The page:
Ultrasound after DM or after DBT makes no difference in detecting breast cancer
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Ultrasound after DM or after DBT makes no difference in detecting breast cancer

por John R. Fischer, Staff Reporter | October 01, 2019
Women's Health
Ultrasound after digital mammography is no
different than ultrasound after digital breast
tomosynthesis in detecting additional cancers in
women with dense breast tissue
Ultrasound screening after digital mammography makes “no significant difference” compared to ultrasound after digital breast tomosynthesis in additional cancer detection rates for patients with dense breast tissue.

That is the consensus reached in a new study led by Dr. Elizabeth H. Dibble, a radiologist, and clinician educator and assistant professor of diagnostic imaging at the Warren Alpert Medical School of Brown University.

"DBT increases cancer detection rate compared to DM. Because DBT can reduce overlapping tissue, it can reveal cancers that might have been missed with DM, which is of particular benefit in women with dense breast tissue," she said. "We also know that supplemental dense breast ultrasound screening can detect additional cancers in women that were missed on DM. What we did not know before our study was whether ultrasound detected a similar number of mammographically occult cancers after women had undergone DBT screening compared to after DM screening."

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The additional cancer detection rate for US after DM patients was 5/1434 (3.5 per 1000 women screened) and for US after DBT, 5/1668 (3.0 per 1000 women screened) (p = 0.9999).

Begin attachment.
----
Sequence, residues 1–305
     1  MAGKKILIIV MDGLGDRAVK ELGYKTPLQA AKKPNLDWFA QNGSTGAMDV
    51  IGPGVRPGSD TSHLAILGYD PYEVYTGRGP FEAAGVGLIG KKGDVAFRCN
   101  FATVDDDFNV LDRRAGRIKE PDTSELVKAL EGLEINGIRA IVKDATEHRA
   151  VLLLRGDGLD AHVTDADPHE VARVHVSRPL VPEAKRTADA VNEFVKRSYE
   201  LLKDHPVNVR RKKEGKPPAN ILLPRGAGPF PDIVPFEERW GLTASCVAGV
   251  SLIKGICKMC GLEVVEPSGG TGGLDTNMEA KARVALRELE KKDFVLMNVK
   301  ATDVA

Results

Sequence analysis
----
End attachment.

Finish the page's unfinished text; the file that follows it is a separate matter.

The findings were based on 2,183 screening breast US exams from between October 2014 and September 2016 that were collected from databases at two tertiary breast imaging centers and an office practice. A total of 1,434 (45.1 percent) were US after DM procedures and 1,668 (52.4 percent) were US after DBT exams, with the BI-RADS assessment category for each being listed as either 4 or 5 studies. Eighty-one (2.5 percent) had no prior mammograms available.

A biopsy or cyst aspiration was recommended for 122 DM and DBT patients, with the results for 118 (96.7 percent) accessible to researchers. Among the 36 biopsies and aspirations for US after DM, 6 (16.7 percent) had malignant tumors and 30 (83.3 percent) had benign ones. Of the 82 US after DBT patients who received a biopsy or aspiration, 11 (13.4 percent) had malignant tumors and 71 (86.6 percent) were benign (p = 0.8583).

"This was a single center, retrospective study, and dense breast ultrasound screening is performed at patient or provider request rather than as population-based screening. Multicenter studies with prospective data collection of population screening would be helpful for confirming our findings," said Dibble. "In addition, we only looked cancer detection in this study."

Dibble and her team plan to present two years of follow-up data on patients who had findings on dense breast ultrasound screening after DBT versus DM that were not biopsied but rather followed with serial ultrasound at the 2019 Radiological Society of North America (RSNA). Those results are currently being written up for publication.

The findings of this study were published in the December edition of the American Journal of Roentgenology.

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